On October 17, China’s National People’s Congress (NPC) formally adopted a revised patent law that makes significant changes to that country’s legal framework for pharmaceutical patents. The regulation, promulgated by China’s National Medical Products Administration (NMPA), is the result of a preliminary trade deal with the U.S. signed in January that aimed to incorporate aspects of American patent law into the Chinese legal system. Principally, the NMPA law protects pharmaceutical patent rights and encourages competition by establishing a Hatch-Waxman-style litigation scheme for branded pharmaceutical companies and generics.
The NMPA law introduces a number of changes, including:
- A patent linkage system, wherein innovators may assert their patents during the generic approval process and obtain a nine-month temporary stay of regulatory approval upon the filing of a patent complaint. Though one significant difference from US law is that rather than the generic being obligated to give the patent holder notice, instead, the generic drug application will be published on the Chinese regulatory authority’s website. That publication triggers a 45-day deadline to file suit.
- Extensions of Patent term to compensate for delays that are not the fault of the patentee. The first type, a patent term adjustment, applies to any patent and can extend the term to compensate for delays due to patent prosecution. A second type, a patent term extension, applies to drug patents and can increase the term to compensate for delays caused by the regulatory approval process.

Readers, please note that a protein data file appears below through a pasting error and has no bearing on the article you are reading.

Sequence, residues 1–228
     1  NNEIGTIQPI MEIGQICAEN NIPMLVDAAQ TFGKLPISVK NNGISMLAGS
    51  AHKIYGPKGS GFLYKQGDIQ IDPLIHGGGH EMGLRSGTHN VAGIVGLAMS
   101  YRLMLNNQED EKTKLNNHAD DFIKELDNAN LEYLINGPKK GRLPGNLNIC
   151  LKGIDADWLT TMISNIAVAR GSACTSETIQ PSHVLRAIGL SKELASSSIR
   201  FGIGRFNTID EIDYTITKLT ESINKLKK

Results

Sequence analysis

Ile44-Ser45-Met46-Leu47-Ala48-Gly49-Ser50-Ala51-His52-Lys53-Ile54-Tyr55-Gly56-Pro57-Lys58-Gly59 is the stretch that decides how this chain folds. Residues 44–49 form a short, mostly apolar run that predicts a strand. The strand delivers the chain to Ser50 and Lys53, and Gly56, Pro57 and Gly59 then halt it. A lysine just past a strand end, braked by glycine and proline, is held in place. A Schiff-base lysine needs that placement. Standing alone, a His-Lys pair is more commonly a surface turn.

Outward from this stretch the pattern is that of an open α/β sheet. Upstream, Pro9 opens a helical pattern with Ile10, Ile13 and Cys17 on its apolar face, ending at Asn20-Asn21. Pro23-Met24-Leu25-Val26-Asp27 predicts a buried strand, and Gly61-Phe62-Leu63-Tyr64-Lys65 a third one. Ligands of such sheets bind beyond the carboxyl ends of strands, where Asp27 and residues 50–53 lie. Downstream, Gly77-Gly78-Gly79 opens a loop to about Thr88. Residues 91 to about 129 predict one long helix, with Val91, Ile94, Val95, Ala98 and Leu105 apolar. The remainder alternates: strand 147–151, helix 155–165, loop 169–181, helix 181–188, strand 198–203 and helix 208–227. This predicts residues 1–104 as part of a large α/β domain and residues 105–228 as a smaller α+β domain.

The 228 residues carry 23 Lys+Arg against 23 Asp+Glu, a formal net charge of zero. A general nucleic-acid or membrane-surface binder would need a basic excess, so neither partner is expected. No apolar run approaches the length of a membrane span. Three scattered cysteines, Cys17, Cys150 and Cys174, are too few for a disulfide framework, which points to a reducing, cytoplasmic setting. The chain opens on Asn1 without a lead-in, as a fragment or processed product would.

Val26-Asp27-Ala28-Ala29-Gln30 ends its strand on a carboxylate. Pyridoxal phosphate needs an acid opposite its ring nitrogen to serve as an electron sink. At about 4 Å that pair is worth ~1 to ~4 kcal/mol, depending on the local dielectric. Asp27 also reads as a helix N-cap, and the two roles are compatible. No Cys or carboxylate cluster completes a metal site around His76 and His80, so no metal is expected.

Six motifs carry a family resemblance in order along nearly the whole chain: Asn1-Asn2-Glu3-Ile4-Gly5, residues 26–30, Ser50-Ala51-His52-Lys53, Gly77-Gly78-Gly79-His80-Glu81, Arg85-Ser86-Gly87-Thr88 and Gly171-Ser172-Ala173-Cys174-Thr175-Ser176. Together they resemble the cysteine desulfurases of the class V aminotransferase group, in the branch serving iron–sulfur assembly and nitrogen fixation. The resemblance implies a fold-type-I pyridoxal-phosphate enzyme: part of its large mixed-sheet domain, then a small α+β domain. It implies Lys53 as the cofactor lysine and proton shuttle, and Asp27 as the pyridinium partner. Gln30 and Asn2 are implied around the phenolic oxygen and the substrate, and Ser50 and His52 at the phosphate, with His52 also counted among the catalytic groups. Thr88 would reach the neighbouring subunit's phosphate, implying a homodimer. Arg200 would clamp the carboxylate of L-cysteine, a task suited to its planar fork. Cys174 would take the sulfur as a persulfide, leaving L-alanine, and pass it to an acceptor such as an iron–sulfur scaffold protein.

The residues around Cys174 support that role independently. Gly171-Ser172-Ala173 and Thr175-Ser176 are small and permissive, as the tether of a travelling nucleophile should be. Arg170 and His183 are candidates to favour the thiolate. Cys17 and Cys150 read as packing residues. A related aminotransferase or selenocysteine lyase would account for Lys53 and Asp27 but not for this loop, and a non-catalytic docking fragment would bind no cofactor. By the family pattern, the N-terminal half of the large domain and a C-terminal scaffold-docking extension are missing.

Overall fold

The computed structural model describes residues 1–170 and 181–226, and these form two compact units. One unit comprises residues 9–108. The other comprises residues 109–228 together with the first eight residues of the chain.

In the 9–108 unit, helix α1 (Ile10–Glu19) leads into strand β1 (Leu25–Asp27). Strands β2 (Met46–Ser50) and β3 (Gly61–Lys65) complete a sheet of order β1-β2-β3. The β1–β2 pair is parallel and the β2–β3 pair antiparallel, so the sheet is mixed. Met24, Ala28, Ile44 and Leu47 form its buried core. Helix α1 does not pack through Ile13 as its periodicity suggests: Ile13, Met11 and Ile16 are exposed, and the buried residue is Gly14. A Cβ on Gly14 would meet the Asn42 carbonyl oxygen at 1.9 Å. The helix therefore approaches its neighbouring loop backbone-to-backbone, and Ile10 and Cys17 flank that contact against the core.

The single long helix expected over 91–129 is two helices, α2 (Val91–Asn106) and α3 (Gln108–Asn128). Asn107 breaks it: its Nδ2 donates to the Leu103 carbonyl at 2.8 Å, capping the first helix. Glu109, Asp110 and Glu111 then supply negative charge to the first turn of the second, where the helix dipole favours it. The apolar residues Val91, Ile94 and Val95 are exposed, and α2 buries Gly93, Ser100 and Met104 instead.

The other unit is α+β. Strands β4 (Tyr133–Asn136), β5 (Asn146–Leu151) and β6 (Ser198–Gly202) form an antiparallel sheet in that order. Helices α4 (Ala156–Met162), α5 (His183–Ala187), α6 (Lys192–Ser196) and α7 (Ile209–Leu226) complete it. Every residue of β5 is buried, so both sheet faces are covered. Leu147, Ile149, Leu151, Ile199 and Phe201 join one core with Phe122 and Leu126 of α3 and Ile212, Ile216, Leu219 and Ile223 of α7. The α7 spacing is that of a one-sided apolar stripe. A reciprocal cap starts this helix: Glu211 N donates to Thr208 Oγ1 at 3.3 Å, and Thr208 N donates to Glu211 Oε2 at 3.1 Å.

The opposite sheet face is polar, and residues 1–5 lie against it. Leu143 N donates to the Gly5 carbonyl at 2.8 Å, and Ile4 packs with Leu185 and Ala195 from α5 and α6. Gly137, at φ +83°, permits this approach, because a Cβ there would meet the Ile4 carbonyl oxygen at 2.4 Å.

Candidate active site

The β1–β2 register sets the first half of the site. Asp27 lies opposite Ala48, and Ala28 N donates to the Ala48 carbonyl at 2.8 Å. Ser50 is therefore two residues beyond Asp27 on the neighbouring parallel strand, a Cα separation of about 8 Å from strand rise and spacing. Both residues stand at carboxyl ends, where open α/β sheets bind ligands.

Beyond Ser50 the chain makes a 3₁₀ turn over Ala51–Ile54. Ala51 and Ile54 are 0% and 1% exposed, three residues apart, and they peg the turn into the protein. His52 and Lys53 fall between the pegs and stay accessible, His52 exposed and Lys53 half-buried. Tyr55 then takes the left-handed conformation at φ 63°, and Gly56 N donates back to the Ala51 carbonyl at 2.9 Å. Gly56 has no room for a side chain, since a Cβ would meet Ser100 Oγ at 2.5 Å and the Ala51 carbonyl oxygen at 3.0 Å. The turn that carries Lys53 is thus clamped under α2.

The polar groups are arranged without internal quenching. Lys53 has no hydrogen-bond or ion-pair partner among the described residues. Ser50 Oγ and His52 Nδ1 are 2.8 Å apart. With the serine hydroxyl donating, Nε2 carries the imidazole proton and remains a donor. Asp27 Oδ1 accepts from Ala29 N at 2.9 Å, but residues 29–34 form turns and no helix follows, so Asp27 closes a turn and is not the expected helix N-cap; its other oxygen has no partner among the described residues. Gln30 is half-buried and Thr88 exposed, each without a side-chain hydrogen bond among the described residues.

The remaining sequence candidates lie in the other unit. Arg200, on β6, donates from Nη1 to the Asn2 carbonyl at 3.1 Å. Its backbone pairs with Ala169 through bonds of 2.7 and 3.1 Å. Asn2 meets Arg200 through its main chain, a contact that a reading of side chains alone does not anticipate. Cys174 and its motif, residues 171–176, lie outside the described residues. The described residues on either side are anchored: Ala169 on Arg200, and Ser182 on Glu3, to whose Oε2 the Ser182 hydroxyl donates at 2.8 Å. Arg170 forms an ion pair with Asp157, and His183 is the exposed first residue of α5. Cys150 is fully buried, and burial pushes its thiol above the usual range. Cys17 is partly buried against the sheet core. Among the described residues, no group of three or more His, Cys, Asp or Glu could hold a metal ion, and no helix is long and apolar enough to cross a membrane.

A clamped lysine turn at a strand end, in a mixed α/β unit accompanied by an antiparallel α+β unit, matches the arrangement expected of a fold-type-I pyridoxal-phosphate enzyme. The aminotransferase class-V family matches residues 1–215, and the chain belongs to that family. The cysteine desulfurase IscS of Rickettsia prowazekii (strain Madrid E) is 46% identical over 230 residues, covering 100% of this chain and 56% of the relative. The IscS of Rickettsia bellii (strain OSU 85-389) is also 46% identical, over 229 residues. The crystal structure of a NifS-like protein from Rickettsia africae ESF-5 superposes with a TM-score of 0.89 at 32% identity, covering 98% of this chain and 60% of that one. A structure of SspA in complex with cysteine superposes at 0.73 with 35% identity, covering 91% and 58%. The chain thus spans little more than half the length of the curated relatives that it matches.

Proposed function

- A 12-month exclusivity period for the first generic drug applicant who successfully challenges a reference product patent.
- Enhanced damages, wherein a damages award may be multiplied up to five times where willful infringement is found. The law also increases the maximum amount of statutory damages – awarded in cases in which it is difficult to determine the patent owner’s loss or the infringer’s profit – from 1 million yuan to 5 million yuan.
- A good faith requirement to limit abuse of the system. Drug companies that misuse patent rights in a way that harms the public interest or restricts competition may be held legally liable.
The new NMPA law is a significant departure from prior Chinese law and should strengthen the rights of patent holders in one of the world’s largest pharmaceutical markets.